Does Hanging Pennies in a Bag of Water Really Keep Flies Away?
Not a fan of loose change? In the South, some people swear by using change in a bag of water to keep bugs at bay!
During the height of the summer months, pesky flies can ruin an afternoon on the porch with a glass of iced tea. The bacteria-carrying pests are persistent, even with an artillery of insect traps, repellents and other devices. Because we’re collecting every trick in the book to keep flies at bay, we’re sharing one unusual idea: pennies in a bag of water.
Learning how to keep bugs out of your kitchen is one thing, but keeping them away from the porch proves to be more challenging!
Why Do People Hang Pennies in a Bag of Water?
According to Wide Open Country, zip-top bags filled with water and a few pennies adorn many restaurants, porches and doorways in the South to keep flies away.
Supporters of this DIY fly repellent claim success based off a couple of theories, but the most popular has to do with the mechanics of a fly’s sight. The eyes on a fly are more complicated than human eyes; for flies, Orkin says their eyes are compound, or made up of thousands of individual lenses that are very perceptive to changes in light.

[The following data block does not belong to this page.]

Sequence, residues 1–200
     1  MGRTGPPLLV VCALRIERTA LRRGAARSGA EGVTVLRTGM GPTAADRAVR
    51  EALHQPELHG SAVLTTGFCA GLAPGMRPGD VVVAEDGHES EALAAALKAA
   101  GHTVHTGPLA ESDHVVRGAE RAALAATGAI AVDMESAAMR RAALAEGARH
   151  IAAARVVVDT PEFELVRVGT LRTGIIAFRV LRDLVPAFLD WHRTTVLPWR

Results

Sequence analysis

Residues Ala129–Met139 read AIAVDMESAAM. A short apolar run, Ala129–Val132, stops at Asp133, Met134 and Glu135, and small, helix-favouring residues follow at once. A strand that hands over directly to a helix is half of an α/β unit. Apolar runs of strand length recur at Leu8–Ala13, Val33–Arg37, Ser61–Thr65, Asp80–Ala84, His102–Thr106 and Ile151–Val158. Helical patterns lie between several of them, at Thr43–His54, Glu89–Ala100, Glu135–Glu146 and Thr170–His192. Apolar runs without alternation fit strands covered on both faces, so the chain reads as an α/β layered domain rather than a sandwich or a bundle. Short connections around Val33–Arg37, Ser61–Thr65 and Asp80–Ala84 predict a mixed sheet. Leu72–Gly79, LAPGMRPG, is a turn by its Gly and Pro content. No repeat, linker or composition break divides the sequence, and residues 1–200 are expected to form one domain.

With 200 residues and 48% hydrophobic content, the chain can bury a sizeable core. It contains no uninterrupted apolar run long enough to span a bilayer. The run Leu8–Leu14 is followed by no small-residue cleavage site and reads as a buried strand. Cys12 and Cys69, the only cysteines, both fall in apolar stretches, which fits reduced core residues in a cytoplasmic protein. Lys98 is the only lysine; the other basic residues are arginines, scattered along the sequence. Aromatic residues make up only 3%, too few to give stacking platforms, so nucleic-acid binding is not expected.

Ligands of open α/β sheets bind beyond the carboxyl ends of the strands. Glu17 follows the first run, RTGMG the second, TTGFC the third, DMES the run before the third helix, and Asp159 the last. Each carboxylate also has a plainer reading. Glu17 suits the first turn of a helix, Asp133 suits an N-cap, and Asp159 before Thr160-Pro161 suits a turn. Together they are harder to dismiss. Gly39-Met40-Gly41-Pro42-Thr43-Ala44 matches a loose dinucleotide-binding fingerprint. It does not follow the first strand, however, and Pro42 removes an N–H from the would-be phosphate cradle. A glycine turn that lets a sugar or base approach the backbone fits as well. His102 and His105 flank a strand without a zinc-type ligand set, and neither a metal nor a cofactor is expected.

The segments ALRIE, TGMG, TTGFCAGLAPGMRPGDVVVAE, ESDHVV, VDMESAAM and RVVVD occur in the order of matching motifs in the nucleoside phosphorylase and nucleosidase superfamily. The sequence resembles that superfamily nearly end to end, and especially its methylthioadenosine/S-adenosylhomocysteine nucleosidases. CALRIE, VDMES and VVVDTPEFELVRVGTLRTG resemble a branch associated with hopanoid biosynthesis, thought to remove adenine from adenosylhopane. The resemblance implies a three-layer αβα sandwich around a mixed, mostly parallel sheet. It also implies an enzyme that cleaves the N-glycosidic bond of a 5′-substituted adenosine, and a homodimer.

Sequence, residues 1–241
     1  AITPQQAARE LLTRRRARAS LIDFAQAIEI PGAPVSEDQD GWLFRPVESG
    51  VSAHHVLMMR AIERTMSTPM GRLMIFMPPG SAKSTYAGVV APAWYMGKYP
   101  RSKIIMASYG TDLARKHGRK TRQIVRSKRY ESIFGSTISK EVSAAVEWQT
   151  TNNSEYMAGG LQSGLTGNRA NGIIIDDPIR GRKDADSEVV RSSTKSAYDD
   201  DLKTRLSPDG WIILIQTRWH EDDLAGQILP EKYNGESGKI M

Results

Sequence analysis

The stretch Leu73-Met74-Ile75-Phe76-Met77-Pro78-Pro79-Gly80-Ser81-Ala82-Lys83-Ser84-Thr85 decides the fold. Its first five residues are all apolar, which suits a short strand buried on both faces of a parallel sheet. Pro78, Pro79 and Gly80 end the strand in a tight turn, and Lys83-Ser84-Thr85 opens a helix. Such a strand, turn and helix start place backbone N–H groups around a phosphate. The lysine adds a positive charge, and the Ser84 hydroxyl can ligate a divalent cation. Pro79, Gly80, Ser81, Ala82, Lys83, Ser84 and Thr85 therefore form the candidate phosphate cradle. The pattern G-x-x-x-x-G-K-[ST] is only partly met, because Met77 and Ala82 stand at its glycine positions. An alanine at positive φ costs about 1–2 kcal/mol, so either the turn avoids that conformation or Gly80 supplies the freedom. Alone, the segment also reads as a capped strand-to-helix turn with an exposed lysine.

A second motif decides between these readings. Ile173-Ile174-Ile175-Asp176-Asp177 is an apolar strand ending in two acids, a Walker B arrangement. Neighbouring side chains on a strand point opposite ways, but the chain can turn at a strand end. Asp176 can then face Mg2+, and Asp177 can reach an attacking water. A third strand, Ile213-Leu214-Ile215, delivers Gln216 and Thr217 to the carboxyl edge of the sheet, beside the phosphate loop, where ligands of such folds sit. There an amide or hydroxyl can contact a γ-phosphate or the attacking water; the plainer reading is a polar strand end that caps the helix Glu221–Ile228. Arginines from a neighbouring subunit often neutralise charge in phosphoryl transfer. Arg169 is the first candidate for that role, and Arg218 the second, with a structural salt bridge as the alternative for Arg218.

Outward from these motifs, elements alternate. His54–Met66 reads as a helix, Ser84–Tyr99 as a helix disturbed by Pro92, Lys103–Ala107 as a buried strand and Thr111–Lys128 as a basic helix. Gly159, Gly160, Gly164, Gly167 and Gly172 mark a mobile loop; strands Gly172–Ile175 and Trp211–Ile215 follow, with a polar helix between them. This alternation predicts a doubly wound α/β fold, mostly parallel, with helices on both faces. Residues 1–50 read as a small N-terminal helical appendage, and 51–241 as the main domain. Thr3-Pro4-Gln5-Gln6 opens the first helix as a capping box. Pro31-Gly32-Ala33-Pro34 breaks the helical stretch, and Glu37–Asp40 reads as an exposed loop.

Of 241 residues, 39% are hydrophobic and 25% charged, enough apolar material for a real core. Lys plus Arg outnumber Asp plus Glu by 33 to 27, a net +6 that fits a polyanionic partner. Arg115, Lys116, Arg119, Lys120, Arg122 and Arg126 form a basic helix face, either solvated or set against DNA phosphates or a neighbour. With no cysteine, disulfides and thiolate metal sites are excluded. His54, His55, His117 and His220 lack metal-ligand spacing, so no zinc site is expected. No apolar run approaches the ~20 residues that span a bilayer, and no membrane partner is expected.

So, when light hits the bag of water filled with shiny pennies (or even pieces of aluminum foil, in some cases), the thought is that it refracts and confuses the insects. Overwhelmed, they fly away and hang around somewhere else.
Does It Work?
This is up for debate all over the internet. Some people swear by it, sharing success stories on blogs and Facebook, while Snopes says that scientific experiments show it may not make a difference.
I can’t say for sure, since I haven’t tried it myself. It’s currently winter where I’m writing from—with snow on the ground and a -25°F windchill—so not many flies are buzzing around. In summer, though, this is a trick that I’ll have to put to the test.
You may also want to try hanging Irish Spring soap to keep flies away!